Cities, companies, and innovation – Why companies will die

Geoffrey West started his scientific career as a theoretical physicist before he shifted his attention to complex adaptive systems. He focused on interdisciplinary research with a specific interest in the commonalities that social systems share with biological systems: Could it be that cities or companies actually follow the same underlying principles like plants or animals? Is London a great big whaleIs Walmart an elephant?

As a starting point, he and his team investigated the role of networks, scaling and growth in biological systems. This work confirmed earlier observations from biologists and social scientists; but more importantly, it created a new conceptual framework that stretches across traditional boundaries of scientific disciplines. This research is founded on solid data analysis to deliver the quantifiable results that are essential for cross-disciplinary comparison of social and biological systems. Many of these results are surprising, and some are actually counter-intuitive: According to West, cities will keep growing, while companies are bound to die. That’s not really the news CEOs want to hear. So let’s have a closer look at West’s findings on the business world.

Why companies will die

Investigating the growth patterns of companies, West and his team observed that businesses essentially behave like living organisms, they scale in a sublinear way: to double the size costs only 85% more resources. That is the usual economies of scale we would expect of a business enterprise. More specifically, they found that a company’s growth curve follows the a sigmoidal pattern: fast growth in the beginning will slow down after a while and come to a full stop. For example, you can plot the data for profit per employee over the number of employees, and the results gives you exactly that s-shaped curve we know from the growth of individual organisms.

In the very early phase of a company’s life we do observe hockey stick growth, exponential, the sky seems to be the limit. That’s how we like to portray successful companies. But that’s only a part of the story of the life of a company. Once the initial phase of rapid growth is over (and West indicates that there seems to be a relation to company size, in the area of 50 employees or so), the growth rate will gradually slow down, and in the end growth will stop entirely. Which is exactly what we observe in living organisms as well.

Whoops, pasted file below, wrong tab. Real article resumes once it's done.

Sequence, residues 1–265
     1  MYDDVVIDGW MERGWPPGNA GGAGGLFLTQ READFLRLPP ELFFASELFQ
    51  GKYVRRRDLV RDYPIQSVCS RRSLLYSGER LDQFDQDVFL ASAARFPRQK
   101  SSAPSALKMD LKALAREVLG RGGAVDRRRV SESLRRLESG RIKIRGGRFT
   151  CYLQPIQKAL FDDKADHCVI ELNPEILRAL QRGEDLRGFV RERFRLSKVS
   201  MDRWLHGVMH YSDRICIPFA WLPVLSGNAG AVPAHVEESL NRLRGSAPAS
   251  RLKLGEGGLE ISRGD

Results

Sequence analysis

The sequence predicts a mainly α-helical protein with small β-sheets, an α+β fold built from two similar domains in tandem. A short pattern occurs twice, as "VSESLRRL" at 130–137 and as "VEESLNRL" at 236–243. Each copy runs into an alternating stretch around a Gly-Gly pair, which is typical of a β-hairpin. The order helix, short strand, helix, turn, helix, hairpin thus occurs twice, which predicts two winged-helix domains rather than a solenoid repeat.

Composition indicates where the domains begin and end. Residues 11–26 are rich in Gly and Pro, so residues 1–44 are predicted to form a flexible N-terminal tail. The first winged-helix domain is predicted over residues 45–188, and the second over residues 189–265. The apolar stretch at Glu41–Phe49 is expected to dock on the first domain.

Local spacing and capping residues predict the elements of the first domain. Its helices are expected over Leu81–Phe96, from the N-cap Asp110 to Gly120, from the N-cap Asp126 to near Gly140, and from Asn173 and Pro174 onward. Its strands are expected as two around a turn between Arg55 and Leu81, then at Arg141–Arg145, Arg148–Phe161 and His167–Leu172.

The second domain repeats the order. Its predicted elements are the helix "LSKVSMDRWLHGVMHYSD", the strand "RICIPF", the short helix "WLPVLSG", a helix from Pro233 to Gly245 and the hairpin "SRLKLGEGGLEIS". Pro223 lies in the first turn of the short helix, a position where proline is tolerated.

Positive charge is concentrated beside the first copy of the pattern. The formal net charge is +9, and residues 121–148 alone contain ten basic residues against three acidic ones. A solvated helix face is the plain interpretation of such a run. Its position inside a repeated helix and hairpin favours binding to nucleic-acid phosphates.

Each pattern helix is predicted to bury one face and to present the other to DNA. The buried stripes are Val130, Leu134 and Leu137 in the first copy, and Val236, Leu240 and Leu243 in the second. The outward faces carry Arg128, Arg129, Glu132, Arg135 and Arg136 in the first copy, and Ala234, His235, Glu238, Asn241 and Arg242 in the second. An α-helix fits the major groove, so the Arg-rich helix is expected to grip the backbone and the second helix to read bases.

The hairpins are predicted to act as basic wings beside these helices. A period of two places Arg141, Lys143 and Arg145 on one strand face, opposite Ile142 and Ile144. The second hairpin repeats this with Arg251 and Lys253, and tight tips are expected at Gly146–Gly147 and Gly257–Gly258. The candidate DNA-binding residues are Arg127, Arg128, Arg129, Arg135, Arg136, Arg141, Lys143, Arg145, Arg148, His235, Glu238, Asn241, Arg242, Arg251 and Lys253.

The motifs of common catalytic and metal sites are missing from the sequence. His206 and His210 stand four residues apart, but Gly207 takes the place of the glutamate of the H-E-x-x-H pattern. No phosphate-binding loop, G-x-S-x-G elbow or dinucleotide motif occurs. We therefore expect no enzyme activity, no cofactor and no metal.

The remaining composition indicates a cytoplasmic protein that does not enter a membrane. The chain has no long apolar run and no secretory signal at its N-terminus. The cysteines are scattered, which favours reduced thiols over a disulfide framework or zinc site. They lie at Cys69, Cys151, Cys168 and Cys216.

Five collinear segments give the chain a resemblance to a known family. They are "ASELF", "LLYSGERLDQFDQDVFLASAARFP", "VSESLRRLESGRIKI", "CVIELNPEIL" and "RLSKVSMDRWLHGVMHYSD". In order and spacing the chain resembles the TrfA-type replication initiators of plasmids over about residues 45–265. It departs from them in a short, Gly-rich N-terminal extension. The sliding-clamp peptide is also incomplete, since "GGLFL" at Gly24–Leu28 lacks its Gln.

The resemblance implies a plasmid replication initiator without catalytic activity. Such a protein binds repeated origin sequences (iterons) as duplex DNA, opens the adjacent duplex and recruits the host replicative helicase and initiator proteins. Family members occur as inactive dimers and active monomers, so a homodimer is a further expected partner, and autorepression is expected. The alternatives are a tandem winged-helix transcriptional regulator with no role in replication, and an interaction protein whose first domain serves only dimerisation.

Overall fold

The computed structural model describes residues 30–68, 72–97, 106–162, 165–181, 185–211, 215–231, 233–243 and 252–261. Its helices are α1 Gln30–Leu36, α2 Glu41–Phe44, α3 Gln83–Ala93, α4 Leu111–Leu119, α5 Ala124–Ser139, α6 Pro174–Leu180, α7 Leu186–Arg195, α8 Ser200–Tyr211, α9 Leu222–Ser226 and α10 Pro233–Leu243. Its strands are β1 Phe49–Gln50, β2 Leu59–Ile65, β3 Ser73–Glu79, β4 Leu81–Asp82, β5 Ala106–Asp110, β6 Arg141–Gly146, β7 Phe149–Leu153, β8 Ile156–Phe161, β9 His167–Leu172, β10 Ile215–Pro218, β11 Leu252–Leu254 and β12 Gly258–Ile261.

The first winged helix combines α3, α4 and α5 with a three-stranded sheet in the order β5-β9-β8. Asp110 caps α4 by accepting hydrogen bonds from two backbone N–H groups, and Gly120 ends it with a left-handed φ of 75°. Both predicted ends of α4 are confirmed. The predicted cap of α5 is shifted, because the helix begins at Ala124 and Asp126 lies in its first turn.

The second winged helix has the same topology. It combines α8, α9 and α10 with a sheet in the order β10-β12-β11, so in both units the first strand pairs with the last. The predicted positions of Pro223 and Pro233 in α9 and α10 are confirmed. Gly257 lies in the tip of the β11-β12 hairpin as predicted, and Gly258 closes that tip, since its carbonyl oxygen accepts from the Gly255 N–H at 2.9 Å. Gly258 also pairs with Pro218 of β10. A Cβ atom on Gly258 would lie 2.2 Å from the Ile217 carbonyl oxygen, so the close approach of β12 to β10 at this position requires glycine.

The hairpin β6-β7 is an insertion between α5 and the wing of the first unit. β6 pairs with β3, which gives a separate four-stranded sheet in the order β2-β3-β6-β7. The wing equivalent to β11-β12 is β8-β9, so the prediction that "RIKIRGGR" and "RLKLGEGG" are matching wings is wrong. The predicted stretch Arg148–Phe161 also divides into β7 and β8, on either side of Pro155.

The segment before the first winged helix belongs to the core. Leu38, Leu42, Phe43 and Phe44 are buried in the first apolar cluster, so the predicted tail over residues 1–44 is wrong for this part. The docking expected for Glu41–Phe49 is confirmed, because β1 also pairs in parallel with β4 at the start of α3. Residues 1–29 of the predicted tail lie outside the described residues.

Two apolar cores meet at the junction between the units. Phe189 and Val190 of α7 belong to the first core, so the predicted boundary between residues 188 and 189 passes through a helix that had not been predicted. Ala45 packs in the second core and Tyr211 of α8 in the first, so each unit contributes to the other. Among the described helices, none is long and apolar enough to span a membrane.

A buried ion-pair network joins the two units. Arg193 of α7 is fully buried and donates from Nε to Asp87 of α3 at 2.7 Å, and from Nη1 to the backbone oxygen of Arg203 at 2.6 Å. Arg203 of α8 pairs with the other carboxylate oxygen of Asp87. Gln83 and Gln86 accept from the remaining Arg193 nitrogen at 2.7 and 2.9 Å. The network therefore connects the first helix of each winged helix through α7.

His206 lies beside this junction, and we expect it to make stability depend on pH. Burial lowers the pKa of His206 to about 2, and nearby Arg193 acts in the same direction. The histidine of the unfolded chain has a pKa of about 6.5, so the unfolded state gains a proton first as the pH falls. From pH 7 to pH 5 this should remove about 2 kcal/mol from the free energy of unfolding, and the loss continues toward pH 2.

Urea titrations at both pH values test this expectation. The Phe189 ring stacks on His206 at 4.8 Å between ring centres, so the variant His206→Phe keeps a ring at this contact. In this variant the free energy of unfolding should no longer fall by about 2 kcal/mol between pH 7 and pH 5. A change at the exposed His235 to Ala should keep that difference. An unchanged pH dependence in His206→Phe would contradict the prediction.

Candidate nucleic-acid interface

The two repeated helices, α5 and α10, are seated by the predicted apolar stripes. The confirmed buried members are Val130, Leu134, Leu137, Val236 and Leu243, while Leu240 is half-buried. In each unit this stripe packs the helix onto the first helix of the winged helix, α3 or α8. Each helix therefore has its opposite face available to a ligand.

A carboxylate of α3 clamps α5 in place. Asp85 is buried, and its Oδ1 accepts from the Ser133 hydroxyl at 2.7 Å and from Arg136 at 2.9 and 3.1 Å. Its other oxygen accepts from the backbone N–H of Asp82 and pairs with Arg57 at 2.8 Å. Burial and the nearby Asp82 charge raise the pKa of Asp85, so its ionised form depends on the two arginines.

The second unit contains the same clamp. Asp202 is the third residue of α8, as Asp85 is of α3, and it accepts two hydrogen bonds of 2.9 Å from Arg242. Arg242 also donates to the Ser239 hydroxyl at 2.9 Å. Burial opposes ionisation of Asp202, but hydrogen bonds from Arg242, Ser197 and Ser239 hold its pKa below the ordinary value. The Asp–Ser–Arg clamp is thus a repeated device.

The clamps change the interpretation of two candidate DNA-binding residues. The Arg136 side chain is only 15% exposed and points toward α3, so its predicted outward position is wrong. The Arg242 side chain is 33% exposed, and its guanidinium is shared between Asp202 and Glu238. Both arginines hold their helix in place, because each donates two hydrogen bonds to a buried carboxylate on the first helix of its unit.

Now, for living organisms we know and easily accept that they will die after a while. We are less willing to accept that the same is true for companies. Once their growth comes to a grinding hold, they will eventually die, be it by bankruptcy or by a merger: the company will cease to exist. The biological analogy that West found to describe company growth strongly reminds us that companies are rather ephemeral in nature: once the business model is exhausted, it will be disrupted, and the company will die.

What cities do and companies don’t

While that result in itself already runs counter to conventional wisdom, there’s an even more disturbing observation that West and his team made about companies. Or rather, an observation they did NOT make: companies do not show the superlinear scaling they had found in cities. According to West’s conceptual framework, sublinear scaling is a reflection of economies of scale, whereas superlinear scaling reflects wealth creation and innovation. And that then means that companies are dominated by economies of scale rather than innovation.

To me, that is the most striking result from Geoffrey West’s work: we seem to overestimate the importance of companies for innovation, while we underestimate the crucial role that cities play. With regard to innovation, cities are the soil for companies to grow on, companies don’t flourish without this substrate. The innovation supply chain starts with cities (the meeting and mating of ideas within a densely connected environment). Companies only serve as tools to pull innovation through, to develop and deliver innovation to the market, the users, the community. Now, obviously cities and companies have considerable overlaps, and out of necessity they work hand in hand to generate and deliver the innovation society needs to progress.

But how does that really work? Time to further investigate the relevance of West’s observations for our understanding of innovation.

 

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